The correlation of caudate body activation and arousal ratings confirms and specifies the involvement of dorsal parts of the caudate in the processing of high arousing unpleasant stimuli (Carretie et al., 2009) by showing that the subjectively experienced arousal correlates with activation in this area. Similarly, other studies also demonstrated activations of the human dorsal and ventral striatum to non-rewarding cues, including aversive or salient stimuli, and anticipation of negative events (Delgado et al., 2000; Becerra et al., 2001; Jensen et al., 2003; Knutson et al., 2003; Zink et al., 2003).
In contrast, the activation in more ventral parts of the reward-related brain areas was found to covary with the valence ratings of pleasant stimuli, but not with arousal ratings, i.e., the more positive subjects rated the pleasant stimuli, the stronger the activations were in the caudate head extending to the NAcc and frontal areas. These observations stand in line with previous findings from neuroimaging studies on reward processing, showing that caudate, NAcc and mPFC are involved in the processing of rewarding (Knutson and Cooper, 2005) and pleasant stimuli (Lane et al., 1997). Furthermore, activations in response to monetary as well as social reward are parametrically modulated by the individual rewarding value of the stimulus (Knutson et al., 2001; Spreckelmeyer et al., 2009). Thus, our findings indicate that the caudate head and the NAcc are involved in the processing of pleasant stimuli and tag their valence rather than the arousal. Thus, one might speculate that different subregions of the caudate are differentially involved in the processing of pleasant and unpleasant pictures (Divac et al., 1967; Yacubian and Buchel, 2009). The absence of significant activation in response to pleasant relative to neutral pictures without consideration of the subjective ratings may indicate that the average reward-value of our pleasant pictures is not sufficient enough for all subjects to elicit activation in the reward system, thus subjective differences regarding the reward-values of the cues seem to be very important.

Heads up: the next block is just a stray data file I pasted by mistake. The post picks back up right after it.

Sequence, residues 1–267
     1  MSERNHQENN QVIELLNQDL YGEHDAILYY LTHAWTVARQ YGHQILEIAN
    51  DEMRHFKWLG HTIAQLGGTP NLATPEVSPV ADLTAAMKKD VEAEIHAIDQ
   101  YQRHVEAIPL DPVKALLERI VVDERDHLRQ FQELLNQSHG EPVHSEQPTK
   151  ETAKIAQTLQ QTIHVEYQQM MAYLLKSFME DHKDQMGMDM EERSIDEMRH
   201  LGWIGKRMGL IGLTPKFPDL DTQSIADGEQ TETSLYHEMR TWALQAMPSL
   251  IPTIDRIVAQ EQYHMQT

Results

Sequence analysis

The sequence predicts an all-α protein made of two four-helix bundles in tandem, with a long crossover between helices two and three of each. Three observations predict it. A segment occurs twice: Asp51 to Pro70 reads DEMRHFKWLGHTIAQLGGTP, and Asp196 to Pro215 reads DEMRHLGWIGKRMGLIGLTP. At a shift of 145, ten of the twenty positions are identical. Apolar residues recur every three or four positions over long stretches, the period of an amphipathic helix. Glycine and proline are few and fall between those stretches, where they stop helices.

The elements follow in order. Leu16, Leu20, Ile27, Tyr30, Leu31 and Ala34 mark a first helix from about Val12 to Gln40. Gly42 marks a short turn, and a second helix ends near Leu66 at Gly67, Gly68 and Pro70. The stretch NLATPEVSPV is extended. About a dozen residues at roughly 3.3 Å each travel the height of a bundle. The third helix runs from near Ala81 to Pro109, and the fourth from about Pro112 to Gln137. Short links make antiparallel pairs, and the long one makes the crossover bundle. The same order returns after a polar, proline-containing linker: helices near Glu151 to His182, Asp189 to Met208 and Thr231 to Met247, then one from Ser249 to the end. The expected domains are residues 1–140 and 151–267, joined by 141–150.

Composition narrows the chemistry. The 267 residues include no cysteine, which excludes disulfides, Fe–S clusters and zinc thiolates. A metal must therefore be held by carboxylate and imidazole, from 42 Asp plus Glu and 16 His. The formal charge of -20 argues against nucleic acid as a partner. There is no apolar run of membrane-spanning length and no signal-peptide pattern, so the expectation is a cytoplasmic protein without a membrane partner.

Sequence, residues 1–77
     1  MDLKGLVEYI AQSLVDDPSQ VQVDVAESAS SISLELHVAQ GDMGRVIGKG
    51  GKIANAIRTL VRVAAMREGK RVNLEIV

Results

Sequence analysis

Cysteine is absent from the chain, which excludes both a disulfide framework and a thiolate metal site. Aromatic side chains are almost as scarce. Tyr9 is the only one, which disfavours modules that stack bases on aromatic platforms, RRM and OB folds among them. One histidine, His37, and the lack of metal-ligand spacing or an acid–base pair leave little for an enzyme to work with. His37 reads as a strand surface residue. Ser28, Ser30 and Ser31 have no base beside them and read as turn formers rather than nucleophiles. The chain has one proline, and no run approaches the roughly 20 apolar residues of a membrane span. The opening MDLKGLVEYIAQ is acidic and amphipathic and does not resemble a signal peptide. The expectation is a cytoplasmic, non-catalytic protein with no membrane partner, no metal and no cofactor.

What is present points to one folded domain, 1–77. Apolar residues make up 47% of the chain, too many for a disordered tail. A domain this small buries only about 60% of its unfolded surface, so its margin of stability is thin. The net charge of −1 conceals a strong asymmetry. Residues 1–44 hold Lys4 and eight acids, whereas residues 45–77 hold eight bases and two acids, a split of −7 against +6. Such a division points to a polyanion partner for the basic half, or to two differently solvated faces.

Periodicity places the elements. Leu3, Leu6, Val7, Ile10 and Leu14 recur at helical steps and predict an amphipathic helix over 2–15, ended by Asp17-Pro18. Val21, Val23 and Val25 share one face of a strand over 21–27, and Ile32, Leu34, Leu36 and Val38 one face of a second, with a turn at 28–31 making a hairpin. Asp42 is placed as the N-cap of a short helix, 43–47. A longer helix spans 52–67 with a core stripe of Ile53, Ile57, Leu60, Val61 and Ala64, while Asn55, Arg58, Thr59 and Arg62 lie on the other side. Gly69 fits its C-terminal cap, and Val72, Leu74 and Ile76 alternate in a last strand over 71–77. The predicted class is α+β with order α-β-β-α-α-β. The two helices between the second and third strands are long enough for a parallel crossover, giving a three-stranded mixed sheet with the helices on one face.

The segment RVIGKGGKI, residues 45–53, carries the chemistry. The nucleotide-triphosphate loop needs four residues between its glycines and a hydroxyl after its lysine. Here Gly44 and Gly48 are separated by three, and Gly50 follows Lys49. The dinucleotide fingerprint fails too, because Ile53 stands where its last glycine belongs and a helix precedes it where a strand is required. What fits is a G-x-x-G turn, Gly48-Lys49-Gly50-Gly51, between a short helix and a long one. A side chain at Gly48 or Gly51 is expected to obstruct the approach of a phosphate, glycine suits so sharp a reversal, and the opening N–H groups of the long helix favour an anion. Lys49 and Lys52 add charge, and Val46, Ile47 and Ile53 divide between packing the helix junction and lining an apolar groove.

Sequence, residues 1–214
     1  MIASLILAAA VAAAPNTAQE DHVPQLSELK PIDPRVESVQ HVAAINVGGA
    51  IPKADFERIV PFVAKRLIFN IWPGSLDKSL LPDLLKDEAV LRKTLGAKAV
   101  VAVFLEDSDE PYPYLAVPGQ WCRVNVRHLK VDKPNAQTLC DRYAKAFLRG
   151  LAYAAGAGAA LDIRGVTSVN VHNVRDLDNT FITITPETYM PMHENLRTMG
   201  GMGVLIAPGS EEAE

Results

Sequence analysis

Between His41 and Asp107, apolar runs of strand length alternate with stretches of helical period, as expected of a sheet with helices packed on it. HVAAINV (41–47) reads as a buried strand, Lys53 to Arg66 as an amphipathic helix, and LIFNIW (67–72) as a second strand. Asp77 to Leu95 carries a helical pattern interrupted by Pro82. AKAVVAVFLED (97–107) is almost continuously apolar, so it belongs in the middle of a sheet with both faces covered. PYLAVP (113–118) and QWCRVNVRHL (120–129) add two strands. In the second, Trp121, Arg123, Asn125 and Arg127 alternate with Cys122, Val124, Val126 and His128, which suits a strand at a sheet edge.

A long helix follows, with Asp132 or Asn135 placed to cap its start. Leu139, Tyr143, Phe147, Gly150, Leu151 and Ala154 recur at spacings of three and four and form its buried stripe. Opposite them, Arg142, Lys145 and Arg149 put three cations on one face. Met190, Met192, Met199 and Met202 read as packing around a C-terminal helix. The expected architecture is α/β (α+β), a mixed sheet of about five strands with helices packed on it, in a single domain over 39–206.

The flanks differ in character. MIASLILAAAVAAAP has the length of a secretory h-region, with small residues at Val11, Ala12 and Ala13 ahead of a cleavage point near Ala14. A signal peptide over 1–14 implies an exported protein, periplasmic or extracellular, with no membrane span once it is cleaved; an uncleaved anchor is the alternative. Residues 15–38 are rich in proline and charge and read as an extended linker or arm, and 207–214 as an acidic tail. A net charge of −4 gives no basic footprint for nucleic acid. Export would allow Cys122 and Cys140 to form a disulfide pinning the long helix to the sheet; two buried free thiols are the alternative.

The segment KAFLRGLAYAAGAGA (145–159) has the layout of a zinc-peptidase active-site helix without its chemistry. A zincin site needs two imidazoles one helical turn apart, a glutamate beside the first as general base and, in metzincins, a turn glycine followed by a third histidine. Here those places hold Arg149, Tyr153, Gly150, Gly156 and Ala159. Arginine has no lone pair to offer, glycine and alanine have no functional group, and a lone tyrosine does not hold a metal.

The present findings were realized on the basis of several task characteristics, which might be considered for future studies. First, our results indicate that inter-individual differences in rating of valence and arousal are differentially associated with activities in emotion networks. Therefore, in future neuroimaging studies the additional assessment of subjective ratings seems warranted. Second, our findings occurred when subjects were instructed to simply watch the pictures without any further task, which may be a more ecological valid situation for naturally emerging emotion processing. Consequently, the subjective ratings were assessed after the scanning procedure. Thus, the association between brain activity and the emotional experience may not be as direct as when assessing online rating. Furthermore, a previous study showed that brain activation during passive viewing tasks and brain activation during online ratings can differ (Taylor et al., 2003). However, online and post-scan ratings are shown to be correlated (Phan et al., 2004a) and the cognitive demand due to a rating task may lead to reduced available resources for processing the emotional content.
Third, to obtain an optimal signal-to-noise ratio, a block design without jittered stimulus onset times within the blocks was realized. With this design however, it is not possible to analyze single events, although this might have been interesting with regards to the question whether pleasant stimuli evoke amygdala activation or not. In addition, rapid habituation to especially pleasant stimuli may also account for the absence of amygdala activation for the pleasant pictures (Breiter et al., 1996).